The Bottom: Do I Really Have To Hit It First?

 

I hear a lot of talk about “hitting the bottom.” Oftentimes it’s when I overhear someone talking about another addict. It’s not usually compassionate. Here’s what I hear most often: “She just hasn’t hit her bottom yet. Once she does, she’ll get recovery. Until then, anything you say [recovery wise] is a waste of breath.”

Is this true?

Is it a waste of time to try and get someone into recovery who’s not yet hit his or her bottom? In the official literature of AA, it talks about “raising the bottom” for those who don’t have to lose everything first – in short, for those who don’t really hit anything remotely like rock bottom. They can, rather, see where their addiction is taking them, glimpse that bottom on the horizon, and choose to enter recovery before calamity strikes.

I know a woman who finally quit when she reached the very last moment of being able to keep her meth usage secret and hidden from her family. Her health issues were mounting. The next run would push her over the edge to where everyone in her family would find out and all her friends would know. She told me if not for her aging parents, whom she knew expected her to take care of them one day, she would have most likely let the drug win, even to the point of losing her apartment and living on the street. But she couldn’t put her mother and father through that suffering. Her older brother had died from meth use and she knew how much it would hurt her parents if they found out she too had this addiction. It would have “broken something inside them” for the rest of their lives. This knowledge—realization—was close enough to a “bottom” for her. She checked into an out-patient rehab, which she chose over an in-patient so her parents wouldn’t wonder why she’d disappeared from her life for 28 days, and is still clean today.

She didn’t so much as hit a bottom, as find motivation—motivation to start the recovery process.

But, don’t get me wrong, hitting a bottom can indeed help one’s motivation. I believe we can hit several bottoms that do not, individually, have to be “the” bottom. In the book, I write:

Let me tell you about my first bottom. I was hospitalized for a blood clot in my leg, due to my IV use of crystal meth. If the possibility of the clot traveling to my lungs or heart wouldn’t make me hit bottom, what would? I was in the hospital for five days and firmly resolute that, after I left, I’d continue the clean and sober life with a program of abstinence and several support meetings a week. I left the hospital hobbling on a cane, with an ankle and calf swollen to the size of a small watermelon.

I assumed this physical consequence would be enough to make me quit. Whenever I had the urge to use, I looked down at my monstrous “cankle” and remembered what a disaster my using had been. But it was barely ten days before the pipe was back in my mouth. My blood clot was, however, the beginning of the end of my using. It took three more months of stopping and starting, but eventually sobriety stuck.

So for me, it wasn’t one BIG bottom, but an accumulation of misery and, let’s call them, mini-bottoms that came with using. It could have gotten a lot worse. And has for many people.

Just know that, for you, you can make the decision to quit whenever you want. There doesn’t have to be a burn-life-to-the-ground bottom. You can “raise” the bar, see clearly, and recognize the bottom headed your way, so as to stop beforehand.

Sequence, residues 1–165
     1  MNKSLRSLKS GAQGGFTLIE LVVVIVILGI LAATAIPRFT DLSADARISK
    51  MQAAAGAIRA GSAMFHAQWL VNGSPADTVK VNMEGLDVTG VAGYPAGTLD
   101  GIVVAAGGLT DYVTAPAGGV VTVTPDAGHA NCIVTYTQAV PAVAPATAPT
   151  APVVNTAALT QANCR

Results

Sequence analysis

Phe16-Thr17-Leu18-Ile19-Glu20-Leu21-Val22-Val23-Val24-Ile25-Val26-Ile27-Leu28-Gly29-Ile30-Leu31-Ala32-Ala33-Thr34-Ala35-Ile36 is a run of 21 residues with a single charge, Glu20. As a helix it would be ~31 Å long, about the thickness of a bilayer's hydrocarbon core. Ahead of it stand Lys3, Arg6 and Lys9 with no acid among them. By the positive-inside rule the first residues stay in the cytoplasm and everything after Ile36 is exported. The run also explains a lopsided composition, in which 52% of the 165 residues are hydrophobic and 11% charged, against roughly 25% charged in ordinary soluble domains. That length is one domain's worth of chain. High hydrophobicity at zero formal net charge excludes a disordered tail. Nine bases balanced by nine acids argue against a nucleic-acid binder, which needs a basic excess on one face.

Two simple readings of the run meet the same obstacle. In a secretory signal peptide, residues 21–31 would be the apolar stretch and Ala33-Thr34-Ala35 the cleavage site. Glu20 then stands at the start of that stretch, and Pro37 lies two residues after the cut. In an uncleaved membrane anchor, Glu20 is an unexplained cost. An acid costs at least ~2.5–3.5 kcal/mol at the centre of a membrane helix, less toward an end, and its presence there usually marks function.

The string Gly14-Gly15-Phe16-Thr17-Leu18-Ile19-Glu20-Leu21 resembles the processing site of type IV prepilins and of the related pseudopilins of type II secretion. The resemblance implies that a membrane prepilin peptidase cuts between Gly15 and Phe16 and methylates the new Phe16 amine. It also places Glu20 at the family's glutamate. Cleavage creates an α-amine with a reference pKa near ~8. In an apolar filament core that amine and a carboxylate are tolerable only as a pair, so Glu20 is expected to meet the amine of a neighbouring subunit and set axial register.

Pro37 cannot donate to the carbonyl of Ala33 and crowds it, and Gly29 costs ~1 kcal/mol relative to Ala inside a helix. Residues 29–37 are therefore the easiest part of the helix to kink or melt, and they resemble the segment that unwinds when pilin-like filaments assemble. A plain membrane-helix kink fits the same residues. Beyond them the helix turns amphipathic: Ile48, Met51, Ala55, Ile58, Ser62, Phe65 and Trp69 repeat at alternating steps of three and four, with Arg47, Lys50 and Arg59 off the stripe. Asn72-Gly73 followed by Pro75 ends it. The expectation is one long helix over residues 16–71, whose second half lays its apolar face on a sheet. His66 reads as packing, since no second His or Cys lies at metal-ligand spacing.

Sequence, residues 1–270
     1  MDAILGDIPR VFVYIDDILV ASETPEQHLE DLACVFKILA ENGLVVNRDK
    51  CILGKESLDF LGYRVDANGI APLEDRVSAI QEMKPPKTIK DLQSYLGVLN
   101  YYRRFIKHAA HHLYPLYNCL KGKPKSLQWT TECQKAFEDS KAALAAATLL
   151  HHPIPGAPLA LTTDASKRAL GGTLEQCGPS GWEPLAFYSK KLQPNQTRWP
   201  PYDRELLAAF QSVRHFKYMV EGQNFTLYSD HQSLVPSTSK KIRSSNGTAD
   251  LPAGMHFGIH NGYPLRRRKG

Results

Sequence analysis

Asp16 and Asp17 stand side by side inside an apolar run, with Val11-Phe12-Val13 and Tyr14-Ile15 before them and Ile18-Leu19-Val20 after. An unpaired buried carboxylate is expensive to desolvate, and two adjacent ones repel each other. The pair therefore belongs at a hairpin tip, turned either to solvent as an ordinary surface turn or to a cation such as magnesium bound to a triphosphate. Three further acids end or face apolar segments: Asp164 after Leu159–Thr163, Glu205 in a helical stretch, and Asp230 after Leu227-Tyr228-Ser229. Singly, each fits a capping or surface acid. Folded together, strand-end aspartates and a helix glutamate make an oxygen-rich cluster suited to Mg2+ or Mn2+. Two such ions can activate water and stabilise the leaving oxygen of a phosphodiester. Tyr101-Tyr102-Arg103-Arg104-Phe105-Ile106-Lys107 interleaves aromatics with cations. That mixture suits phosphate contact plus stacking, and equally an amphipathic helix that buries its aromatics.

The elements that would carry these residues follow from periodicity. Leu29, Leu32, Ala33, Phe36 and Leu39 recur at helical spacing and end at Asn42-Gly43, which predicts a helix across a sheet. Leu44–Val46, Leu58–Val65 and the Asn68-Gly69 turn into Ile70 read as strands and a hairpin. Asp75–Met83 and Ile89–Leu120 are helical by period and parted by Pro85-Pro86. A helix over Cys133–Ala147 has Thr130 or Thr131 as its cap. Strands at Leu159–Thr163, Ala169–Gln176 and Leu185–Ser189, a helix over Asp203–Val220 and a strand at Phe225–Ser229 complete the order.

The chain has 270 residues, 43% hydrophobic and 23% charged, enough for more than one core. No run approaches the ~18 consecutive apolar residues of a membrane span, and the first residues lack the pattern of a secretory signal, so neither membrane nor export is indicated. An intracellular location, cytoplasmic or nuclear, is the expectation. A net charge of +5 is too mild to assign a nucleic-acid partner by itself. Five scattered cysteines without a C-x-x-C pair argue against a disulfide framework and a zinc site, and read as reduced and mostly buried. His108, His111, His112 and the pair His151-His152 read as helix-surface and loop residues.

David Sheff writes in Clean: “Though hitting bottom does describe the beginning of recovery for some addicts, it is a dangerous construct. Many addicts are alive because their families didn’t wait for them to hit bottom. [My emphasis.] And for every person who hit bottom and wound up in treatment, many others kept falling further and further downward. They’d have catastrophes that would have been a bottom for any sane person, but addicts are addicted — many don’t stop even after multiple calamities. For many there’s no bottom — it’s a bottomless pit…. [Insisting that an addict must first hit her bottom is] like letting a diabetic lose her foot before addressing her diet…. The idea that addicts must ‘hit bottom’ is an archaic and potentially deadly myth.”

Whether you get to your own unique bottom (of a sort), find yourself forced into treatment unwillingly, or stop on your own before hitting rock bottom, what’s important is that, at one point, you decide to actively participate in getting well. In other words, you become self-motivated to be in recovery. I can feel the old-school AAers bristling at this notion. But it’s just a fact that many a recovered addict began his or her journey to sobriety without hitting bottom, per se.

If you’re addicted to meth or have a loved one addicted, remember, an accumulation of misery (getting honest about how awful the drug really is) combined with positive motivation to quit (your friends, family, career, and so on) is a powerful recipe as well. It can be just as powerful as hitting that mythical “rock bottom.” You don’t have to wait until you die—or almost die—to get recovery going.

But maybe you do. I hope not. I hope you can look around, accept the misery and that you don’t want to live this way anymore and then find some positive direction to move—a rehab, Crystal Meth Anonymous meetings, private counseling, all of the above, going off to do missionary work, something—that moves you in the direction of healing and recovery.

Ultimately, it’s more of an “up” the addict must experience, than a bottom, when it comes to getting and staying clean in the long run. Once more: you can make the decision to quit now. It is not required you hit rock bottom first. You can “raise” the bar, see clearly, and recognize the bottom headed your way, so as to stop beforehand.  Stop now.

photo credit: haunts of solitude via photopin (license)